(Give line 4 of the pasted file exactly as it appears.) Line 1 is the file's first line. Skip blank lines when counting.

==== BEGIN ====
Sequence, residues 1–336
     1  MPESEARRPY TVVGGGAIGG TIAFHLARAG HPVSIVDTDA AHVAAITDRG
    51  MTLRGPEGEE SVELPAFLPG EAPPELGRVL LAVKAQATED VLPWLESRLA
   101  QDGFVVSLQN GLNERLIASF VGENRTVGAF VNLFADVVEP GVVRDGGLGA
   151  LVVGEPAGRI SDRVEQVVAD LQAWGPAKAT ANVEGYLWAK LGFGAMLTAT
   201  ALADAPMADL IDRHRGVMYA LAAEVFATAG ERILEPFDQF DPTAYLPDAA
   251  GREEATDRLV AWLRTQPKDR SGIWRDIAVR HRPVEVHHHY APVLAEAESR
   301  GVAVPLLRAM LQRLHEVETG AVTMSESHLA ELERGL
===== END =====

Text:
   101  QDGFVVSLQN GLNERLIASF VGENRTVGAF VNLFADVVEP GVVRDGGLGA